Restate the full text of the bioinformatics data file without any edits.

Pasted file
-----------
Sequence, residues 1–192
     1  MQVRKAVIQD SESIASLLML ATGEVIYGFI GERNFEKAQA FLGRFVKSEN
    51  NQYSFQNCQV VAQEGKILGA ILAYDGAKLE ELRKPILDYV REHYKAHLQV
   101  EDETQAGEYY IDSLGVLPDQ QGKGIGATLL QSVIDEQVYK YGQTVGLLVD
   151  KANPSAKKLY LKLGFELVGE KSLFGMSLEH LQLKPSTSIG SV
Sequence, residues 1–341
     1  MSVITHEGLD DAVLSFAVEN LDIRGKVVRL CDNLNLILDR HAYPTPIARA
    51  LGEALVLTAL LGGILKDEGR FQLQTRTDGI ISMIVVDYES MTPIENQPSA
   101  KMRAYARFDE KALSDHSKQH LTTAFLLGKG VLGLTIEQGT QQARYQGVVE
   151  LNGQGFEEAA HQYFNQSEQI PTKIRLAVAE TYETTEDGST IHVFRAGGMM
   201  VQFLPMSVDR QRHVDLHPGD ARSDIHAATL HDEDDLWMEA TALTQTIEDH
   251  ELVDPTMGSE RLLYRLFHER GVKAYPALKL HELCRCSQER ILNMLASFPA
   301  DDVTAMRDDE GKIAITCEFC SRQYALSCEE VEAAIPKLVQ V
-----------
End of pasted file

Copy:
Sequence, residues 1–192
     1  MQVRKAVIQD SESIASLLML ATGEVIYGFI GERNFEKAQA FLGRFVKSEN
    51  NQYSFQNCQV VAQEGKILGA ILAYDGAKLE ELRKPILDYV REHYKAHLQV
   101  EDETQAGEYY IDSLGVLPDQ QGKGIGATLL QSVIDEQVYK YGQTVGLLVD
   151  KANPSAKKLY LKLGFELVGE KSLFGMSLEH LQLKPSTSIG SV
Sequence, residues 1–341
     1  MSVITHEGLD DAVLSFAVEN LDIRGKVVRL CDNLNLILDR HAYPTPIARA
    51  LGEALVLTAL LGGILKDEGR FQLQTRTDGI ISMIVVDYES MTPIENQPSA
   101  KMRAYARFDE KALSDHSKQH LTTAFLLGKG VLGLTIEQGT QQARYQGVVE
   151  LNGQGFEEAA HQYFNQSEQI PTKIRLAVAE TYETTEDGST IHVFRAGGMM
   201  VQFLPMSVDR QRHVDLHPGD ARSDIHAATL HDEDDLWMEA TALTQTIEDH
   251  ELVDPTMGSE RLLYRLFHER GVKAYPALKL HELCRCSQER ILNMLASFPA
   301  DDVTAMRDDE GKIAITCEFC SRQYALSCEE VEAAIPKLVQ V